As it appeared in the Daily Nation on July5th 2016
How would you describe the state of customer service in Kenya? Is it getting better or is it getting worse? Are customer today happier than they were a decade ago? Are companies more focused on their customers than they were 5 years ago? Are staff keener on making the customer experience a little better? Are leaders fully committed to excellence in customer service or are they still paying lip service? Is the financial impact of customer service excellence evident on the top line and bottom line? These questions often go through my mind. Though I am confident that our customer service levels are not where they were in the 90s, I am cognizant of the fact that much more still remains to be done.
Notable efforts have gone into improving the customer experience. In the last 2 decades, thousands of staff have been trained on basic customer service skills and attitudes. Many customer service charters have been written, launched and pinned to the walls. Several state of the art contact centres have been established both by those in the private and public sector. Customer service channels have grown significantly. Many people have joined the profession, some out of choice others out of need. Many customer service policies and procedures have been written. Many promises have been made and many have been broken. Information technology has altered the experience. Finally, many companies and individuals alike have bagged excellence awards that they proudly display in their offices. Going by this it is no longer business as usual; the focus on the customer has been in both the public and the private sector.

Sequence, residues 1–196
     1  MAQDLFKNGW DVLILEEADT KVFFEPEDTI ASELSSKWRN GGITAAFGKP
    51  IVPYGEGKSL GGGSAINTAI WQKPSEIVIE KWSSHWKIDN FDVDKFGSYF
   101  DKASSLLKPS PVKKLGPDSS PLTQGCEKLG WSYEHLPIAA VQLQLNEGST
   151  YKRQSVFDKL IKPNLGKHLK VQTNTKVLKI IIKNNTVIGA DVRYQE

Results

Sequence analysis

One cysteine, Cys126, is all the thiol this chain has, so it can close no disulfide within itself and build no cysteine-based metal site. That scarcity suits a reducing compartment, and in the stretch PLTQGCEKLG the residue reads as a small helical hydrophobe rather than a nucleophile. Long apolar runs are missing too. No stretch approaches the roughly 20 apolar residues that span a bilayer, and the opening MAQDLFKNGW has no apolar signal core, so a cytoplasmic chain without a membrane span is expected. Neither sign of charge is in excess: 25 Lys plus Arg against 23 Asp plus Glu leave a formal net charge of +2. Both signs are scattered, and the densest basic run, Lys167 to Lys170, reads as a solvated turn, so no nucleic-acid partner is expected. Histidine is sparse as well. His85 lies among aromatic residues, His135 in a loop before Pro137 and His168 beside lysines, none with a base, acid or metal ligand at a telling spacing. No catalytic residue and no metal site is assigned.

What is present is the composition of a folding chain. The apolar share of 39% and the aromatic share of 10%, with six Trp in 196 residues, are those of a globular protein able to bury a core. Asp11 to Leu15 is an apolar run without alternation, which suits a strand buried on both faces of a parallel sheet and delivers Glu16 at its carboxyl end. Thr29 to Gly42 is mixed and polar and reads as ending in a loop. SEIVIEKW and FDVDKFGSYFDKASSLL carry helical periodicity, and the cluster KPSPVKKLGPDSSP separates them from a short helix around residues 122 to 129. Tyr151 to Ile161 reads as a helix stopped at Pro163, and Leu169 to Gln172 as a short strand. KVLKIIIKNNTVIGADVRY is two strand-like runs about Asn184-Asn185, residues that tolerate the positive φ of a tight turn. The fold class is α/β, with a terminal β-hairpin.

One perspective that continues to miss in these customer service debates is the voice of the customer. Where is the voice of the customer in all these changes? What are the customers really saying? Are they happier, are they more satisfied, are they more loyal because of the changes that have taken place? Or are they ignoring the efforts that companies have put in and continue to be more demanding? Are they expecting more for less? Are they more powerful today because of the wider selection and are holding companies hostage? Though the voice of the customer may not be in the public domain, many companies are swimming in customer feedback. Customers are today more willing than ever before to share their feedback with the hope that it will be taken seriously. As the customer service field continues to advance, several questions remain answered. However, one question has had a clear answer, the leadership question. The state of customer service only improves when the leaders are fully committed to lead the way. Customer service is not an afterthought or a nice to have. The needs of the customers are meant to drive the business strategy and a deliberated focus on the customer must be seen in the culture of the organization. When the leadership is fully sold out to customer service excellence, the results are evident. I believe the main challenge facing our customer service today is the ability of our leaders to manage a new generation of staff and a new generation of customers. It will be exciting to look at the customer experience 25 years from now when the current crop of teenagers will be leading the agenda in their organizations. Will it get better or will it get worse?
Lucy Kiruthu is a Management Consultant and Trainer and can be reached on email@example.com/old or via twitter @kiruthulucy